Everyone knows why the world has golf. The world has golf so that Don Bradman had a suitably challenging ball to use for the hitting-a-ball-against-a-water-tank-with-a-cricket-stump game that he used to develop his freakish hand-eye coordination.
Beyond that, golf has another point, which is to help you identify all of the people in the office who you don’t want to speak to. Any office person who shows an interest in the sport is almost certainly best avoided.
Golf can also be useful if you want your TV to provide a relaxing ambience without once attracting your attention.
Beyond that golf has no point, yet it seems to be the favoured pastime of a sizeable proportion of cricketers.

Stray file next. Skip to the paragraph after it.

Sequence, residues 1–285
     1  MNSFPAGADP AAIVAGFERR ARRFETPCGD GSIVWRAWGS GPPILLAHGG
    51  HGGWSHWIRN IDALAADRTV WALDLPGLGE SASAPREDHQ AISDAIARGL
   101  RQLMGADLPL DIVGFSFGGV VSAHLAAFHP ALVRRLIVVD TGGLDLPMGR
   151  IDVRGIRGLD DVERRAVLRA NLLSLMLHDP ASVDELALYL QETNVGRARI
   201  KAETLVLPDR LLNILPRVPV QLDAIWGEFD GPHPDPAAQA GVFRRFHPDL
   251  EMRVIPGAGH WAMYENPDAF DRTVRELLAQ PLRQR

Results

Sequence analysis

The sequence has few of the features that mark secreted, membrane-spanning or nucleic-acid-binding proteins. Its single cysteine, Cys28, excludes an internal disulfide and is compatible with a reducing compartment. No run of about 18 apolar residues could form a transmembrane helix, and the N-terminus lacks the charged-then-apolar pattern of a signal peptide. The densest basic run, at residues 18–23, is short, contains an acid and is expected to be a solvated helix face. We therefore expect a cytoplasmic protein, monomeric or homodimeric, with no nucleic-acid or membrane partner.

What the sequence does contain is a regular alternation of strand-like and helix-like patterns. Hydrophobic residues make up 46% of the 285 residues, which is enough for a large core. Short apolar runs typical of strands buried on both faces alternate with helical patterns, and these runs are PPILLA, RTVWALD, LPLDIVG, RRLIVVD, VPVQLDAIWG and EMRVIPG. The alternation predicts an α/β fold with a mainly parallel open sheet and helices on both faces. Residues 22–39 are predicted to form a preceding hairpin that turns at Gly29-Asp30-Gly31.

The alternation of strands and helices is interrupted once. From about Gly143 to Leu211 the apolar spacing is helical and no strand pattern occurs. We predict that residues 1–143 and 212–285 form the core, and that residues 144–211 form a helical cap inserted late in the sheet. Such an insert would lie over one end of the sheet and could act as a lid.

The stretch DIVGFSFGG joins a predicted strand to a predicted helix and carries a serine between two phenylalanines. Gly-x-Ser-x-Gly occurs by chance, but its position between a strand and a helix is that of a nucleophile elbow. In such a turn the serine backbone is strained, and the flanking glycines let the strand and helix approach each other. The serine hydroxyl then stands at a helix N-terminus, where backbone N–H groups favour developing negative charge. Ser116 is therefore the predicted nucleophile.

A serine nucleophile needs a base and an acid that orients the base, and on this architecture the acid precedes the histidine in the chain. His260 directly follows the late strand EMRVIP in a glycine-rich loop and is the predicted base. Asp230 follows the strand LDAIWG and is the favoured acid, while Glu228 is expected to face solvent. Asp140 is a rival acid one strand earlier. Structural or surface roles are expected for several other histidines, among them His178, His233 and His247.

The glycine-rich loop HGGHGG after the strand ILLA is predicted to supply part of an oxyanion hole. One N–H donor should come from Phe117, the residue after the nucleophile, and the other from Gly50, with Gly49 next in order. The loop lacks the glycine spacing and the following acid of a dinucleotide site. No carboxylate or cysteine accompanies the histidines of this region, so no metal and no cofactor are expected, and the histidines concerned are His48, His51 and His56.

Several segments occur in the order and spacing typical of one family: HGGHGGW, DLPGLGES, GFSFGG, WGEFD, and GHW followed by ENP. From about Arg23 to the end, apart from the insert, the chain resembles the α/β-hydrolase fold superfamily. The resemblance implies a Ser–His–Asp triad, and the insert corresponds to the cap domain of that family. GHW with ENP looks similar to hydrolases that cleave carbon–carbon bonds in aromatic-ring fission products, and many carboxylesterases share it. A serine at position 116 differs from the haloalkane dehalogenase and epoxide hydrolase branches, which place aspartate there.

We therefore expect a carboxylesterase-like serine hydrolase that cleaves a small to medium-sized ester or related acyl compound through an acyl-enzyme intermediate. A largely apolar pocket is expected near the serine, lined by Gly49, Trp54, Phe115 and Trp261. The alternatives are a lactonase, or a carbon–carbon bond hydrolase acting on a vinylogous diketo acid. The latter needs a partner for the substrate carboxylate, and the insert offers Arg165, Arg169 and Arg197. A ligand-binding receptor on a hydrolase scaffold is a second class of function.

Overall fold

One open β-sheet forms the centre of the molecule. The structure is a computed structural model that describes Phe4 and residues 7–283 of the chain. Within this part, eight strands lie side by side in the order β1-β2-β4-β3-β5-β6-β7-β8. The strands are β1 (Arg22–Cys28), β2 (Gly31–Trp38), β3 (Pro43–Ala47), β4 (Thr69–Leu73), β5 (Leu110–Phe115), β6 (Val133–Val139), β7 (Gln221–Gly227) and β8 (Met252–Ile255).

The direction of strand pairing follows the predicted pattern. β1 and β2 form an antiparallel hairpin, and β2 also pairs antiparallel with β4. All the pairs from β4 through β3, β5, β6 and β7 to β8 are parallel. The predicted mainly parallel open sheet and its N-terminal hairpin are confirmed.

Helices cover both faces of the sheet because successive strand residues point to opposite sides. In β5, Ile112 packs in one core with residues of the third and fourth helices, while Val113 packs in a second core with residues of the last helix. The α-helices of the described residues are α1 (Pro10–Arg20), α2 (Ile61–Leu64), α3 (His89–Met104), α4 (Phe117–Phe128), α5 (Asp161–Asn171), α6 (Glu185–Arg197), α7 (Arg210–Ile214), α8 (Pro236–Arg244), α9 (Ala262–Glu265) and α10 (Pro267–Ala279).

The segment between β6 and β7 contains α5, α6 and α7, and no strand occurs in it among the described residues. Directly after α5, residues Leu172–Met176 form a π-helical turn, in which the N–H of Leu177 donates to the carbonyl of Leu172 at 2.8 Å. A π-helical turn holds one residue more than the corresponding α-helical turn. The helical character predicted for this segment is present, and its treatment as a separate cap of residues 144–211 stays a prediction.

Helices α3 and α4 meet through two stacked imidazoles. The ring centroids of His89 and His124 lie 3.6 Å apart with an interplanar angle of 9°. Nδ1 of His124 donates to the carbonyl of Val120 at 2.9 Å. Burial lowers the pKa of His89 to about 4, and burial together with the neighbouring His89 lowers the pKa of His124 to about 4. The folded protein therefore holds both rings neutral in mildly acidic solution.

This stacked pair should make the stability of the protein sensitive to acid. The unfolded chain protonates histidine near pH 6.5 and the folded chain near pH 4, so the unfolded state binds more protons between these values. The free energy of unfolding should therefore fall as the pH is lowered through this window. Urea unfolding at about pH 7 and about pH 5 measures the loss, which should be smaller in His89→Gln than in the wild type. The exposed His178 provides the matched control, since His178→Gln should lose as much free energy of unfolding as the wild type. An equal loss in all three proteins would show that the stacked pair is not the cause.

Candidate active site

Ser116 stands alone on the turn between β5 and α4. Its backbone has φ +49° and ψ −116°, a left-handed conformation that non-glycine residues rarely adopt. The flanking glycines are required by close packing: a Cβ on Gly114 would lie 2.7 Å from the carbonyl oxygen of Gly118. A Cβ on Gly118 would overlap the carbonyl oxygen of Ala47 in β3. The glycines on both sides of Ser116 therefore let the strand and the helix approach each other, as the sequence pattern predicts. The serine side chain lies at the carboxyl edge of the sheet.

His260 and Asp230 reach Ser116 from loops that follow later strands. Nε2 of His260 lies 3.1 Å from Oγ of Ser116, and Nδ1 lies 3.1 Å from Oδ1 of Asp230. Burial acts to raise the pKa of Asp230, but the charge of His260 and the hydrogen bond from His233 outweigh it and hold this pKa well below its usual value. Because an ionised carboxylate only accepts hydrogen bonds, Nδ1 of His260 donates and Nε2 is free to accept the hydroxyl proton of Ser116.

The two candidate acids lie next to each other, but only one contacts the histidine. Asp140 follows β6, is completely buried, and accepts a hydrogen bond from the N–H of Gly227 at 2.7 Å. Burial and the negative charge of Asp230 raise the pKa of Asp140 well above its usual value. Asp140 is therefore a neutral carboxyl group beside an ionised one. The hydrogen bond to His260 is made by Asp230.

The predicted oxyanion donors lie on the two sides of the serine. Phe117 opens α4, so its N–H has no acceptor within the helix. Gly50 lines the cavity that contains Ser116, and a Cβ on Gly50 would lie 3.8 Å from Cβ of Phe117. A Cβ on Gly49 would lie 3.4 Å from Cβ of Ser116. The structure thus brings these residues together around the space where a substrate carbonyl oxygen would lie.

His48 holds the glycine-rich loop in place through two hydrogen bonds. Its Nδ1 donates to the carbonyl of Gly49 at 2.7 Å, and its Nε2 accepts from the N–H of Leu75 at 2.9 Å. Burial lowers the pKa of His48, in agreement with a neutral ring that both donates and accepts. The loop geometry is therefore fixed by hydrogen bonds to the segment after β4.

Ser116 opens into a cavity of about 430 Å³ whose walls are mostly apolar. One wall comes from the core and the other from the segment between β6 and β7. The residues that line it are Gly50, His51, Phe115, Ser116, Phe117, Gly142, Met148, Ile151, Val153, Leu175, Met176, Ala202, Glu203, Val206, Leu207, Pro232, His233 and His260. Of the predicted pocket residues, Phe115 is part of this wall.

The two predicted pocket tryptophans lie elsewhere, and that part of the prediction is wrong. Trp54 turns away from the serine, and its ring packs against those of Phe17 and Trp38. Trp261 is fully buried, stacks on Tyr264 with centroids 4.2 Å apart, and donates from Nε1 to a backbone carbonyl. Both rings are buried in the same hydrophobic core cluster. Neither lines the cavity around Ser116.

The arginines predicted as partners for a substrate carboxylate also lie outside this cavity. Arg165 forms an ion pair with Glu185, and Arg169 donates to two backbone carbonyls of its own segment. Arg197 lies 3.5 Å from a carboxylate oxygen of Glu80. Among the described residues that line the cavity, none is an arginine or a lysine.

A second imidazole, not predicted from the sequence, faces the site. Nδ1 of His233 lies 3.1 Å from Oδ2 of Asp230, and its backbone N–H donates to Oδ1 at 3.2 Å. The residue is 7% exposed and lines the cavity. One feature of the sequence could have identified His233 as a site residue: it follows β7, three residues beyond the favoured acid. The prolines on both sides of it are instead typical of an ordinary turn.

Not R Ashwin though. Speaking this week about his light international workload this year, he said: “I tried to spend a lot more time away from the game; tried to develop a lot more interests — reading books, a bit of archaeology.”
Our favourite part of this is “a bit of”. We’ve never before considered archaeology to be something in which you could dabble. In our head there were only two possible relationships with archaeology.
Option 1: Indiana Jones
Option 2: Not Indiana Jones
How wrong we were. This week R Ashwin taught us that one’s level of engagement with archaeology lies on a continuum.
More cricketers should be into archaeology. To all the rest of them out there – in particular all those who instead chose golf: you chose… poorly.